Think a house fire could never happen to you? Think again


It was a midwinter day when the fire started in the kitchen of the Ngunnawal home just outside of Canberra. It soon spread to the rangehood above the stove, threatening to creep into the roof where it could quickly inflame the house.

The two men home did what they could, but in the end the only thing they could do was call the fire brigade. The professionals quickly extinguished the blaze and prevented any further damage to the property, but it was shock enough for the two men. Both were taken to hospital to be treated for smoke inhalation, and $30,000 worth of damage awaited them on their return.

For the firefighters, it was the same old story of tragedy barely averted, but for the house’s occupants it was a wake-up call. What still leaves firefighters across the land shaking their heads, though, is that despite decades of fire safety campaigns some people still need a close call before they curb potentially hazardous behaviour in the home.

How to avoid house fires


Statistics from Victorian fire services Country Fire Authority (CFA) and Metropolitan Fire and Emergency Services Board (MFB) confirm there are over 3,000 house fires in Victoria every year, or more than eight house fires per day. In the sunshine state, Queensland Fire and Emergency Services figures show that 2,500 house fires are recorded statewide during winter alone over a six-year period between 2009 and 2014.

While the number and severity of house fires throughout Victoria, Queensland, New South Wales and South Australia vary, one common thread is clear: the lion’s share of house fires start in the kitchen.

Unattended cooking or oil overheating are listed (see below) as the number one causes of house fires in each state, with these accounting for between one third and one half of all house fires.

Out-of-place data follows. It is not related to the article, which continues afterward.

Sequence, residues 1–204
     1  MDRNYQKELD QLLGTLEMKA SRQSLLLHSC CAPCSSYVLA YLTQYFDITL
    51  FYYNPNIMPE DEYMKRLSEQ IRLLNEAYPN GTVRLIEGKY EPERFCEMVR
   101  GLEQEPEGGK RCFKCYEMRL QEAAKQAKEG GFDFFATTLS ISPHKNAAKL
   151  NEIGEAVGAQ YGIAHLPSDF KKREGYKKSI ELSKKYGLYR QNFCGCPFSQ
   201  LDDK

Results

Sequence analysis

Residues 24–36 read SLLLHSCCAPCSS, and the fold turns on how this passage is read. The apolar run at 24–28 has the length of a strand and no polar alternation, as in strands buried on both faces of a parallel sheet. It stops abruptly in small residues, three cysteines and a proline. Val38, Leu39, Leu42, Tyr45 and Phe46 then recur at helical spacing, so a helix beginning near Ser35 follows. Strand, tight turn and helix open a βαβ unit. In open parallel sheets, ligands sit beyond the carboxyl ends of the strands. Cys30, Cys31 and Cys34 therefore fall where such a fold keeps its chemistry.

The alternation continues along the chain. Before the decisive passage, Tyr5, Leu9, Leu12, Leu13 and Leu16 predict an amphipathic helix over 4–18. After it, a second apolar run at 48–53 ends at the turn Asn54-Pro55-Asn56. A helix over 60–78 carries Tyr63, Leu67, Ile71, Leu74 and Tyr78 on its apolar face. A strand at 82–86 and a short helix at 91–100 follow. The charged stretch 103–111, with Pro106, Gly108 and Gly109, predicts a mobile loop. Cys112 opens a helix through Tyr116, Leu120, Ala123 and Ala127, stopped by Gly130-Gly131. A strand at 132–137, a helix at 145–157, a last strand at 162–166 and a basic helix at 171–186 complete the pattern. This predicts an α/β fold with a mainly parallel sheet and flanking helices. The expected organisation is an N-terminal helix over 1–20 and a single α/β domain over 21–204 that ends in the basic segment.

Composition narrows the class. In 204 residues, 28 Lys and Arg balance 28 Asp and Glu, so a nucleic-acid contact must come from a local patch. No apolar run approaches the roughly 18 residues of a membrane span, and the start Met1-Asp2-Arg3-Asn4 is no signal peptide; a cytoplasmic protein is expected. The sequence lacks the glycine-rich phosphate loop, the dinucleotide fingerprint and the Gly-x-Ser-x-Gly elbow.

Most tragically, the majority of these potentially deadly house fires are completely avoidable.

There are a number of small yet significant measures you can put in place to minimise your family’s risk of being affected by a house fire. These are outlined in the video below as a series of “really simple dos and don’ts for home fire safety”, says Tammy Garrett, CFA Manager Community Safety.

“It’s really important for everybody in the family to take responsibility to ensure everyone is safe,” Tammy says.

“Having a well-practised and written home escape plan could save your life. Don’t let your home become a statistic.”

Common house fire causes in Victoria

  1. Unattended cooking
  2. Inappropriate heater use
  3. Electrical fires

Source: Kids Safe Victoria

Common house fire causes in South Australia

  1. Kitchen Stoves
  2. Electric Blankets
  3. Faulty Wiring
  4. Smoking in bed
  5. Lighting
  6. Flammable Liquids
  7. Clothes Dryers
  8. Candles
  9. Home Heating
  10. Children playing with matches, lighters.

Source: South Australian Country Fire Service

Common house fire causes New South Wales

  1. Unattended cooking
  2. Electrical faults: faulty appliances, faulty wiring
  3. Home heating: fixed and portable heating, wood fires and log burners
  4. Smoking
  5. Candles and oil burners


Top house fire causes in Queensland

1.            Oil overheating

2.            Electrical fault

3.            Sparks/embers

4.            Objects on stove

5.            Unattended candles

6.            Children/matches

7.            Cigarettes

8.            Arson

9.            Too close to heater


Source: RCQ research

Find out more about home fire safety and escape plans in your state:

South Australia:

Regional Fire Service

Metro Fire Service


Country Fire Authority (CFA)

Metropolitan Fire and Emergency Services Board (MFB)

Home Fire Checklist

New South Wales

Regional Fire Service

Metro Fire Service

Home Fire Safety Audit


Regional Fire Service

Metro Fire Service


Date: 16 September 2015
Category: Lumo Community

comments powered by Disqus